The ability to connect to the internet from our boat is very important to us. Let’s face it, the internet is such a fabulous resource that it is worth the time and effort to make sure we have the best connection possible. Even if you don’t care about reading your email or posting to Facebook, the ability to access weather, anchorage information, or YouTube videos about how to bleed a diesel engine or some other maintenance issue makes the internet an important part of good seamanship. The challenge on a boat is that we are continuously moving from one spot to another and are usually further away from any internet “hot spot” or cell tower than if we were on land. There are also two types of internet access: WiFi hotspots and cellular data. Both have their advantages and disadvantages. WiFi hotspots usually have a password requirement, but if you have the password, the data are free. A typical example is a marina WiFi. The downside is that 100s of other boaters may be using the WiFi also and things can get pretty slow. There is also the security risk of using a public WiFi: anyone with a packet sniffer can steal passwords, credit card numbers etc. The remedy is to use VPN software to make your connection. Cellular data is generally safer, and faster. Cellular data has a much longer range and you can generally receive a cell signal 4-5 miles off shore of most areas in in the US. The downside is, most cellular data plans have some sort of cap on the amount of data you can use before they slow it way down. For these reasons, it is best to have both capabilities on a boat. After doing a ton of reading of Cruisers Forum and other blogs, I settled on a DIY system for Terrapin that does the following:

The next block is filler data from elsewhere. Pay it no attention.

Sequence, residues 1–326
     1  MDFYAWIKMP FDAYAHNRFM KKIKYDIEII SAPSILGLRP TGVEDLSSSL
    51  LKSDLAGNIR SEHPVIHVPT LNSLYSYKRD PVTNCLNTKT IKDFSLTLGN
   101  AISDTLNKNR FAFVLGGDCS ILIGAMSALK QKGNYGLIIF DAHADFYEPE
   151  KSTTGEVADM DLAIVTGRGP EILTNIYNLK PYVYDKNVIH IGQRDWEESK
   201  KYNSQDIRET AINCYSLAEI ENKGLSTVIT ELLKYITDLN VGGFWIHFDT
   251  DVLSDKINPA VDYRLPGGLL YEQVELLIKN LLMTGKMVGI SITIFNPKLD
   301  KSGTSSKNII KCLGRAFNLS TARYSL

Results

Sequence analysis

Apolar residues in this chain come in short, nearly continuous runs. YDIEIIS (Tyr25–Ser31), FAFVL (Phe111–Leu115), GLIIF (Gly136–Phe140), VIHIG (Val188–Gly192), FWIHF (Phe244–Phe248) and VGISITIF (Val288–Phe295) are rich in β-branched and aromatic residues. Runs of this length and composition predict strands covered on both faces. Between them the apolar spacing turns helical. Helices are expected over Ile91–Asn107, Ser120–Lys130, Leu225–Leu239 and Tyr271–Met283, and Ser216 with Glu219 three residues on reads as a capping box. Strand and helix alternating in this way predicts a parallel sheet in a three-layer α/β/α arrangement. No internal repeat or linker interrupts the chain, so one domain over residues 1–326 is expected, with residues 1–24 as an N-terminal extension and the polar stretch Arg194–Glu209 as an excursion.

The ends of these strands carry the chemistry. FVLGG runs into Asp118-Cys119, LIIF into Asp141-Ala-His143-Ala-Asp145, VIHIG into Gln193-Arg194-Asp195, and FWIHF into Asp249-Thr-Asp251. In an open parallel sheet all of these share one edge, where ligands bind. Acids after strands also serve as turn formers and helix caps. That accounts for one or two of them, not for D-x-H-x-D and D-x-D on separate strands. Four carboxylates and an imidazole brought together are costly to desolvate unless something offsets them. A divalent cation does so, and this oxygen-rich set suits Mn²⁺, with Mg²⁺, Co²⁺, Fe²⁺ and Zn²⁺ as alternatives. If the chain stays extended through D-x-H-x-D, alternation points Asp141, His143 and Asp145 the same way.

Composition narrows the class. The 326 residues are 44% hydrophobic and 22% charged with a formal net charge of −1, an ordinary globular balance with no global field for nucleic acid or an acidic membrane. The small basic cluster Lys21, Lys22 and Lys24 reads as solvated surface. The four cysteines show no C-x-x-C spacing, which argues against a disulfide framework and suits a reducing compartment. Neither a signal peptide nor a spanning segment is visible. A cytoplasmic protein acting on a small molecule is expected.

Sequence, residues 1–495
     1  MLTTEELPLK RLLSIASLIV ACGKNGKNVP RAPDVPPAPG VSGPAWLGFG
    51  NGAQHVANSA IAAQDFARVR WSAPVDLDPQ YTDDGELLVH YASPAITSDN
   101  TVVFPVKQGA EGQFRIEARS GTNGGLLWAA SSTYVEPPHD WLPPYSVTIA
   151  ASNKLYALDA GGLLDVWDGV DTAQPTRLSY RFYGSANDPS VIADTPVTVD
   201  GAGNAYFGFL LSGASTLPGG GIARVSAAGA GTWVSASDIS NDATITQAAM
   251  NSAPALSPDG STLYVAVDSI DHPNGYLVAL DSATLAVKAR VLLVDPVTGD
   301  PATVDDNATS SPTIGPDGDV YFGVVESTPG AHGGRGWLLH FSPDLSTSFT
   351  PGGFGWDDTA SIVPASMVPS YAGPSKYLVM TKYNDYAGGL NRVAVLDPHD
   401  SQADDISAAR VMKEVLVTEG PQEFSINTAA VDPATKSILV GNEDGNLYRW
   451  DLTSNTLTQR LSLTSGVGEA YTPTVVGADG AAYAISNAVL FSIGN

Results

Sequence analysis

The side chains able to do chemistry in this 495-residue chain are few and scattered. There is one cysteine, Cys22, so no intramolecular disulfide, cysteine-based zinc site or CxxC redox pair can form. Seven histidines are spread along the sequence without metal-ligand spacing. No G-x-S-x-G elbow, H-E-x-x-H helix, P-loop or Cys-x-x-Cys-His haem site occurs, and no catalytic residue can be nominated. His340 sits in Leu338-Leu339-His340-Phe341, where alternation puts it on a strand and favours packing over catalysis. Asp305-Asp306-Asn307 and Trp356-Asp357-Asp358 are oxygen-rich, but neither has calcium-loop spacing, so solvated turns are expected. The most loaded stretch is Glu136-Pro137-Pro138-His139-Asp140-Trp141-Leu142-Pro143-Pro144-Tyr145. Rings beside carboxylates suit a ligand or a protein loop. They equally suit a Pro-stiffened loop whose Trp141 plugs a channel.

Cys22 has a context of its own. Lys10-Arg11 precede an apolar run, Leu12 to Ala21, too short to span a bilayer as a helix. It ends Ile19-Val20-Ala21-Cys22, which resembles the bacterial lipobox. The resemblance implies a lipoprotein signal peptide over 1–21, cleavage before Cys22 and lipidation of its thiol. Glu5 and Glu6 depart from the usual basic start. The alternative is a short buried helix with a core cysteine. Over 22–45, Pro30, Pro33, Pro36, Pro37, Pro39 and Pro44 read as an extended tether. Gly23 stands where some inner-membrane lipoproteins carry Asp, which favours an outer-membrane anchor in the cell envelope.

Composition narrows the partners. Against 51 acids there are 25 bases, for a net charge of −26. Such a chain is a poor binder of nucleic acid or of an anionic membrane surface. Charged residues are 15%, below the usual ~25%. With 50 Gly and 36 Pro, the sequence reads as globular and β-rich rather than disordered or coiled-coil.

It has a long-range WiFi radio/antenna on the stern rail that is capable of connecting to WiFi hotspots several miles away.
It has a high gain cellular antenna also mounted on the stern rail that is connected to a dedicated cellular modem inside the boat. We can and do sometimes use our cell phones as hotspots also to connect, but the high gain antenna can pick up cellular data signals at a distance when cell phones cannot connect.
Both of these are connected to a basic router inside the boat that any device can log into and receive the internet from whichever connection is chosen. This can be selected by a simple switch. When we move from one location to another and need to log into a new WiFi hotspot, I can access the long range antenna through my laptop, and see all the available WiFi connections in the area. If I have a password, e.g. from a new marina, I can log into that WiFi. The connection on the boat remains the same. All devices simply log into the boat router with a single password.
For anyone wishing to set up a system like this, you can download the PDF file below with complete instructions on configuring such a system.